- Watch cricket at 5 The Oval (The Britoval, Kennington Oval), Kennington SE11 5SS (tube: ), ☏ , ✉ firstname.lastname@example.org. The second home of English cricket in London after Lords - these matches sell out early. Surrey CCC also play here in Division One of the County Championship and tickets are readily available.
- 6 The Southbank Centre, South Bank, SE1 9PX, ☏ . Southbank Centre is the largest single-run arts centre in the world and includes the Royal Festival Hall and the Queen Elizabeth Hall. It's one of the largest arts centres in the world, occupying a 21-acre site in the midst of London’s most vibrant cultural quarter on the South Bank of the Thames. It offers a wide-ranging artistic programme including classical & world music, rock & pop, jazz, dance, literature and the visual arts.
- 7 Stockwell Skate Park, Stockwell Park Walk. Also ironically named Brixton Beach, this free skate park began in the 1970s. Skateboarders and BMXers can regularly be seen riding or simply hanging out on the edges.
- 1 Brixton Markets. M Tu Th-Sa 8AM-6PM, W 8AM-5PM. Brixton Market consists of several different parts. The main section is Electric Avenue, selling mainly fruit, vegetables and meat, which also has a very good Chinese supermarket. On Pope's Road you will find clothes and bric-a-brac. You will find more indoor markets around the area such as: Brixton Village (between Pope's Road and Coldharbour Lane), Reliance Arcade (between Brixton Road and Electric Lane) and Granville Arcade (running between Electric Lane and Atlantic Road). These sell everything from wigs, clothes, pets, exotic foods and coffee.
There are many different types of food available in Lambeth, from Caribbean to Eritrean and fish and chips to noodles. You will find most of the restaurants on Coldharbour Ln and Atlantic Rd. Here are few noted establishments. Clapham High St has a good selection of restaurants.
- Brixton Market:
- Agile Rabbit, A small pizzeria-café that hosts bands in the walkway of the covered arcade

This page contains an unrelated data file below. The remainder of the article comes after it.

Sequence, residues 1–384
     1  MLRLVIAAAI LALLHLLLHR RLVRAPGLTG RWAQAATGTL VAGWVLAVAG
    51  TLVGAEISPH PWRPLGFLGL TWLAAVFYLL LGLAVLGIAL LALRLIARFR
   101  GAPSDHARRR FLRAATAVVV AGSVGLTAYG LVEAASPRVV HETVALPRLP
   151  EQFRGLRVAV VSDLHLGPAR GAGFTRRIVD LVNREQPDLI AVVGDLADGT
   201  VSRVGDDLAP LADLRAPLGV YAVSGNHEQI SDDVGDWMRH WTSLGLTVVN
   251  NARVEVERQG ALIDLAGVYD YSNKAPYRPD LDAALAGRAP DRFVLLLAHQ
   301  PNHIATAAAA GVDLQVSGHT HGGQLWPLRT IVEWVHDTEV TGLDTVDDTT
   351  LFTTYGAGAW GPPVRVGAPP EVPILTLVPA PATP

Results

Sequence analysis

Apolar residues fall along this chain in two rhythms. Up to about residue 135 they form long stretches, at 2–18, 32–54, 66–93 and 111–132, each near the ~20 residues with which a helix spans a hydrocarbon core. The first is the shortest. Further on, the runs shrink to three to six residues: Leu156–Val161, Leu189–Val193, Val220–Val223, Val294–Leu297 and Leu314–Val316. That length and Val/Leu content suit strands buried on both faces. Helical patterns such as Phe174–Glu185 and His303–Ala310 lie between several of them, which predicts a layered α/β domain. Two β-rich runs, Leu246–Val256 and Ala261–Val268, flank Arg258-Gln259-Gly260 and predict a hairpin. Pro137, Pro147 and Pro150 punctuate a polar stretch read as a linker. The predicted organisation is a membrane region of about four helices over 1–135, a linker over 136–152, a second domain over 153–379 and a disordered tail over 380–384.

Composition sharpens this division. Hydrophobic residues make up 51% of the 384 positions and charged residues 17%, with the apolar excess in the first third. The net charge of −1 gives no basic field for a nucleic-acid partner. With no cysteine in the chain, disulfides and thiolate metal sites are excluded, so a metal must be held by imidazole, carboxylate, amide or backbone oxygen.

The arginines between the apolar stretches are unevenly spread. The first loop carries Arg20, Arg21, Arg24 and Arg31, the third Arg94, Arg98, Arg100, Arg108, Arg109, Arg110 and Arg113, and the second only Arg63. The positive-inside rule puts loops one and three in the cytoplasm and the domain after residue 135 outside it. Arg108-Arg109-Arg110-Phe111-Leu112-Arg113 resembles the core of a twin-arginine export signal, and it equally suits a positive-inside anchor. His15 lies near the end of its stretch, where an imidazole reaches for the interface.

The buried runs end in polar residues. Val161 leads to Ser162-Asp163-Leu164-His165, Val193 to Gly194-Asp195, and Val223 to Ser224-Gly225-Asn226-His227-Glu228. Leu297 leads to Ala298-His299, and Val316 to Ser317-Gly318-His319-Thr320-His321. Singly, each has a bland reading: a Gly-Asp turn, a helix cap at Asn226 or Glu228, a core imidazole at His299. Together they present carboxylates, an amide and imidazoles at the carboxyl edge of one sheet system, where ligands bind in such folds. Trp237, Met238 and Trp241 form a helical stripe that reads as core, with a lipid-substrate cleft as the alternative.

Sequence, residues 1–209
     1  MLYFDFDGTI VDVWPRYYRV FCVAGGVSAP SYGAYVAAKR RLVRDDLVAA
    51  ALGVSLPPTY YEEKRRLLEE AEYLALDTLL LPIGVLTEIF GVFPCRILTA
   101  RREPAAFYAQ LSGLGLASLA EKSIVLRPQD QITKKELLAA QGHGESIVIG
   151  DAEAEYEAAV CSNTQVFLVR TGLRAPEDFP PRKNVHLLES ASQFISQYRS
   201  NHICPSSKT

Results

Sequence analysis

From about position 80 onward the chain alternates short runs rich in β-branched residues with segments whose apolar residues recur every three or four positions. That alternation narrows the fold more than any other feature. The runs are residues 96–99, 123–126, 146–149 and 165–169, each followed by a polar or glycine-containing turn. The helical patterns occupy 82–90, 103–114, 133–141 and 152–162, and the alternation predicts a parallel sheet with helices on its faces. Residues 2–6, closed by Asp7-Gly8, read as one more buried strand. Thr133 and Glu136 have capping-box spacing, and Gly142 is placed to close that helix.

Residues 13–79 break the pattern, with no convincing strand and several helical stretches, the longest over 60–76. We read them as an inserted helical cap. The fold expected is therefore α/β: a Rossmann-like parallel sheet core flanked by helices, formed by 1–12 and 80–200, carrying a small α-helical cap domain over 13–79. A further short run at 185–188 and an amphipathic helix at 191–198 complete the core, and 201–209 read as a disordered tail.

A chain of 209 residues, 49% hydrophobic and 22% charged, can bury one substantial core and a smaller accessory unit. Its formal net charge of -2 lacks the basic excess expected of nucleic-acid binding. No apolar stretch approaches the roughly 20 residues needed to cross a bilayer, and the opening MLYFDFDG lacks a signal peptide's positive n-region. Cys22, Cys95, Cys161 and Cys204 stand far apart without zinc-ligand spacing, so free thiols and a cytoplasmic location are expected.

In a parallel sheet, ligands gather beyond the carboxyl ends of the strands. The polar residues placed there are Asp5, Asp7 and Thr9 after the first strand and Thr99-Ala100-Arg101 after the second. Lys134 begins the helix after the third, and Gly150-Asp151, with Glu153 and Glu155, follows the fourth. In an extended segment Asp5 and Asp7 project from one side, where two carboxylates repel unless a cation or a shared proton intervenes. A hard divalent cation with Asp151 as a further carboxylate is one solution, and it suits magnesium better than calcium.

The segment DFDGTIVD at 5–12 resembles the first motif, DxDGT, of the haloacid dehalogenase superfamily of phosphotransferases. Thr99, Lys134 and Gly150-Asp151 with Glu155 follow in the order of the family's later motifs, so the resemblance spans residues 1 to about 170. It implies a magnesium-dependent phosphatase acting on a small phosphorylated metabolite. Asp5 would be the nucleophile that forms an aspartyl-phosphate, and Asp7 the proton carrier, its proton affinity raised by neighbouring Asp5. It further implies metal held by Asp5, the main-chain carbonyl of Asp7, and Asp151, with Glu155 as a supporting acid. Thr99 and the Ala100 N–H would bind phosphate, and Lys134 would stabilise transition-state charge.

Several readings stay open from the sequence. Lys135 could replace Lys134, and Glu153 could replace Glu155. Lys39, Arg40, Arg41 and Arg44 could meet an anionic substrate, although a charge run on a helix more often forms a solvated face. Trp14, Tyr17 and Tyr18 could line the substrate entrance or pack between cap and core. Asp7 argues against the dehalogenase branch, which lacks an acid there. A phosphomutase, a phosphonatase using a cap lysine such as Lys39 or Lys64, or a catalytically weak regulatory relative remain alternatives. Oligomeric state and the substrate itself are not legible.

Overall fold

- Cornercopia, Pioneering ‘locavore’ shop and restaurant that helped kick-start the Market...
- Honest Burgers, does exactly what the name says. Wholesome and hearty (honest)!
- Bellantoni's - Dario Bellantoni and his staff bring some sunshine to the market with a selection of own-made pasta and an all-Italian wine list.
- Mama Lan, Chinese-fusion, pretty-good ingredients! Lovely sense of flavours
- Etta's Seafood Kitchen, exciting, dreamy food but the rushed service when crowded can leave a bad taste in your mouth.
- Franco Manca, Unit 4, Market Row, SW9 8LD, ☏ . Lunchtimes. Once named Timeout's #1 cheap eat in all of London and is always ludicrously busy. Authentic Italian sour dough pizza for very cheap prices. Top tip for Saturday dining: Turn up at 11:45AM, 15 minutes before it opens. You queue 15 minutes guaranteed, but can over an hours wait if you turn up at 12:15AM.
- Asmara, 386 Coldharbour Ln (Facing the Dogstar), ☏ . 5:30PM-12:30AM. Small friendly restaurant serving interesting Eritrean food.
- Bruno's (formerly Cafe Pushkar), 424 Coldharbour Ln, ☏ . A vegetarian and organic licensed cafe in the centre of Brixton.
- Duck Egg Cafe, 424 Coldharbour Ln, Brixton, SW9 8LF, ☏ . Cute little cafe which has changed names a few times over the last few years, but consistently serves fantastic fried breakfasts with excellent quality raw ingredients sourced from the market. Not much seating space though, especially busy on Sundays.
- Eco Pizza (formerly Pizzeria Franco), 4 Market Row Electric Ln, ☏ . Until 5PM. Tasty reasonably priced pizzas, calzones and sandwiches using fresh ingredients.
- Fujiyama, 7 Vining St, ☏ . M-Sa noon-1AM, Su noon-midnight. As a Japanese noodle bar, the food is similar to Wagamama's but this is a much smaller and friendlier place. It is very good value for money, for about £6 you get a plate of noodles that will fill up any big appetite. They have ramen, bento boxes, don buri, miso soups, pan fried noodles and various curry and rice dishes. They also do some freshly squeezed juices along with the usual beers, wines and sake.
- Gandhi's Restaurant, 347A Kennington Rd, SE11 4QE (tube: ), ☏ , fax: , ✉ email@example.com. noon-2:30PM, 6-11:30PM. Traditional Indian restaurant. Mains £6-13.
- Ichiban Sushi, 58a Atlantic Rd. M-Sa noon-10:30PM. Great freshly prepared sushi and tofu dishes.
- Negril, 132 Brixton Hill. M-W 10AM-6PM, Th-Sa 10AM-10PM, Su 10AM-6PM. Jamaican restaurant that serves traditional Jerk chicken and Caribbean curries. Most of the food is organic and they make their own fresh fruit juice. Reasonable priced and has lovely patio area.
- Number 22, 22 Half Moon Ln (train: Herne Hill, next to Brockwell Pk). M-F 5-11PM, Sa Su noon-11PM. Spanish cuisine and cocktails in a small and comfortable setting and even has a courtyard in the back. Great paella!
- The Pepper Tree, 19 Clapham Common Southside, SW4 7AB (tube: ), ☏ . A long-established and very popular Thai restaurant serving good food in rather spartan surroundings, alongside Clapham Common. Good value. Expect to queue in peak period. Mains £5-7.
- Satay Bar, 447 Coldharbour Ln (tube: ), ☏ . M-Th noon-11PM, F noon-1AM, Sa 1PM-1AM, Su 5PM-1AM. Brixton's longest running restaurant, specialising in Indonesian, Malaysian, Thai cuisine. Also has a cocktail bar and lounge with extensive cocktail list and premium drinks menu. Located next to the Ritzy Cinema. Probably Brixton's busiest restaurant. Run's many specials including lunch special at £4.95.